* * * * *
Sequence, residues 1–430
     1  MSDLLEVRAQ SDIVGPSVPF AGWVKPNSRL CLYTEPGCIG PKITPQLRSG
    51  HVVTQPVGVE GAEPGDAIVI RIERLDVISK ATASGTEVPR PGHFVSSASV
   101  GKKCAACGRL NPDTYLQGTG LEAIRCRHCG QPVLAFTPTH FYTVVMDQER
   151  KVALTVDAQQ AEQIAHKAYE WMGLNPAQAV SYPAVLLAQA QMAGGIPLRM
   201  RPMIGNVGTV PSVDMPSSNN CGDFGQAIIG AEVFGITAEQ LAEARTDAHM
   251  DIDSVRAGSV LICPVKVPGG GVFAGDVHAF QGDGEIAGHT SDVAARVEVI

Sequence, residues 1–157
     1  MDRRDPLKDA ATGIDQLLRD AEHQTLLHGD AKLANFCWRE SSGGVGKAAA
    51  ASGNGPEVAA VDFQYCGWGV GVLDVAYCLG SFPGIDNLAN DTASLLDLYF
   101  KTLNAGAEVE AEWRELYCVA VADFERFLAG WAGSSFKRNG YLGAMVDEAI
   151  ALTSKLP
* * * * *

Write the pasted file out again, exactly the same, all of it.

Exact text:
Sequence, residues 1–430
     1  MSDLLEVRAQ SDIVGPSVPF AGWVKPNSRL CLYTEPGCIG PKITPQLRSG
    51  HVVTQPVGVE GAEPGDAIVI RIERLDVISK ATASGTEVPR PGHFVSSASV
   101  GKKCAACGRL NPDTYLQGTG LEAIRCRHCG QPVLAFTPTH FYTVVMDQER
   151  KVALTVDAQQ AEQIAHKAYE WMGLNPAQAV SYPAVLLAQA QMAGGIPLRM
   201  RPMIGNVGTV PSVDMPSSNN CGDFGQAIIG AEVFGITAEQ LAEARTDAHM
   251  DIDSVRAGSV LICPVKVPGG GVFAGDVHAF QGDGEIAGHT SDVAARVEVI

Sequence, residues 1–157
     1  MDRRDPLKDA ATGIDQLLRD AEHQTLLHGD AKLANFCWRE SSGGVGKAAA
    51  ASGNGPEVAA VDFQYCGWGV GVLDVAYCLG SFPGIDNLAN DTASLLDLYF
   101  KTLNAGAEVE AEWRELYCVA VADFERFLAG WAGSSFKRNG YLGAMVDEAI
   151  ALTSKLP